Wait times for Autism diagnosis in SA can be two years

Many San Antonio families who are struggling with a child they believe may be autistic, can face another surprising challenge when they finally try to get an official diagnosis.

The wait time can be as long as two years for those on Medicaid or without insurance that covers it (and some policies don't).

That's especially difficult, knowing that an early diagnosis can lead to early intervention which can make a huge difference in a child's life.

"Early diagnosis is really the key to getting therapy, ABA therapy, speech therapy, occupational therapy," said Tiffany Fresher of San Antonio's Autism Community Network (ACN). "And intensive therapy can really improve the outcome for the rest of their life, put them in a regular classroom, and give them skills, their family skills for them to be able to deal with an illness that's lifelong."

"For a family on Medicaid to get a diagnosis (of autism), there are two places in San Antonio to receive that," Fresher says. "And that's us (Autism Community Network) and Children's Hospital of San Antonio. Right now we have about a six month waiting list. Sometimes we can reach 12 months. And Children's Hospital is more like a year and a half."

The problem is simply a critical shortage of the trained professionals needed to assess and formally diagnose Autism Spectrum Disorder (ASD), which is not an easy diagnosis to make.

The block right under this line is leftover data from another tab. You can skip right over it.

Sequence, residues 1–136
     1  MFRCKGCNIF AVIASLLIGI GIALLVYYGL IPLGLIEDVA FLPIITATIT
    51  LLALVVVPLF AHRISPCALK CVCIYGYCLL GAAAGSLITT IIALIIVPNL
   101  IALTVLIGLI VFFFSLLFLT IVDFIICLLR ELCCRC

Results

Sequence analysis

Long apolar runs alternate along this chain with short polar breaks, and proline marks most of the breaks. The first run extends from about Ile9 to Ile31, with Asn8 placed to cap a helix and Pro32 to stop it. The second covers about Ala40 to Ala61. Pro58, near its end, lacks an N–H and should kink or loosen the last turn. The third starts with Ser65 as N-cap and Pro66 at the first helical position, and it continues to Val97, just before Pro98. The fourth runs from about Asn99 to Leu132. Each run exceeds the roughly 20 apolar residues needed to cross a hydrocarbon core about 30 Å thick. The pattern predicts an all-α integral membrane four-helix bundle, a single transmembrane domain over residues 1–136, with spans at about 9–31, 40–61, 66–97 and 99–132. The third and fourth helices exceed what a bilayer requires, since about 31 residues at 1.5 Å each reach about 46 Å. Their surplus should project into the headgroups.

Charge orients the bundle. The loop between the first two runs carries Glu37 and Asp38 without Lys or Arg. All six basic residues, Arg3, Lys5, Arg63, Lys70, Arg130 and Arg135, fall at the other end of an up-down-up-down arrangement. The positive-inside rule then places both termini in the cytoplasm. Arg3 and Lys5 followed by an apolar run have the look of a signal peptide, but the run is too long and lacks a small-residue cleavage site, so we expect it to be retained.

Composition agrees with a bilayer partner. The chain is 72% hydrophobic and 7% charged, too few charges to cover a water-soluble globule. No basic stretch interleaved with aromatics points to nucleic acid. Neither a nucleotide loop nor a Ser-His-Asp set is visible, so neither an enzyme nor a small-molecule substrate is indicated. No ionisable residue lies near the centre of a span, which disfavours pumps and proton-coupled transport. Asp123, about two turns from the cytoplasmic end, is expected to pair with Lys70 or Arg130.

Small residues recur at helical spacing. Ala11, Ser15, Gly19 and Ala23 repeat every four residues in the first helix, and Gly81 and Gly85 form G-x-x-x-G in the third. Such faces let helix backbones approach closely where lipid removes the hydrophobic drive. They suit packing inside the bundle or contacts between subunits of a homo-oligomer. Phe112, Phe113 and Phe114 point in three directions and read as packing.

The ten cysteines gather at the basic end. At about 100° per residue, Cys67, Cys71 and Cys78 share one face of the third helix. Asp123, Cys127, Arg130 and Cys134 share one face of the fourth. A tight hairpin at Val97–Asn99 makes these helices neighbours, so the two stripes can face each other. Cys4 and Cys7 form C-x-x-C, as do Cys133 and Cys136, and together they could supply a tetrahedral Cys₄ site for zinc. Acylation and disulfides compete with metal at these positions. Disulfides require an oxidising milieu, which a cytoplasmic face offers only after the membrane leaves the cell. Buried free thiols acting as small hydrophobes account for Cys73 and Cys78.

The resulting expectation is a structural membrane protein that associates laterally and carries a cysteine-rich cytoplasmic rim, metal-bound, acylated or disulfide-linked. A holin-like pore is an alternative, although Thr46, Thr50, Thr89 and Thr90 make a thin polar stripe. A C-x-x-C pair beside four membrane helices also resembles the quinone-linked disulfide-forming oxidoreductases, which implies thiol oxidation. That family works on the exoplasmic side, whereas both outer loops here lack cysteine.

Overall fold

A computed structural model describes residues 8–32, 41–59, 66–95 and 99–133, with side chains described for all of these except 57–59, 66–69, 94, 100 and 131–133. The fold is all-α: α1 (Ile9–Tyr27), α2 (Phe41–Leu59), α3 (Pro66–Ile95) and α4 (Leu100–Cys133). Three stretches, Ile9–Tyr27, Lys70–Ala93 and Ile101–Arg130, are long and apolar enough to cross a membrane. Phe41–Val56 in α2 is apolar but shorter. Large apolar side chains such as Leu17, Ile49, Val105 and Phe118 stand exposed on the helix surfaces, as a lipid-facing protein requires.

Developmental or behavioral pediatricians, speech therapists, child psychologists and child psychiatrists are scarce.

But if you're a parent who notices your child not making eye contact, suffering speech delays, or having other behavioral or speech issues, there's really no good answer for why your child can't start getting help for months, possibly years.

I learned a little about this Wednesday while helping at a fundraiser for the non-profit Autism Community Network.

They rely largely on donations and could use your help.

"We're supported by United Way, by the Kronkosky Foundation, by lots of foundations," said Fresher. "We do two or three annual fundraisers like today, but we're going to be more aggressive because there is a great need. And our board is dedicated to serving as many families as we can. And hopefully get that waiting list down to about 30 days, which is more manageable for families."

Sadly, the problem of long waits for an autism diagnosis isn't unique to San Antonio.

"We have heard of other cities where the waiting list is even longer," said Lalo Guerrero, Chairman of the Board of the Autism Community Network. "And I've heard of instances where [San Antonio] families have gone to other cities... You know, they're on wait lists in Houston or Dallas and in San Antonio and whoever opens up first, then that's where they go."

Just last week we reported on another community effort here dealing with autism.

The Kronkosky Charitable Foundation helped unveil a first-of-its-kind web portal, It allows families to get the help they need in a 'one-stop-shop' with a kind of personal coordinator or concierge to guide them.

If you'd like to learn more about the Autism Community Network, click here.

To check out, click here.

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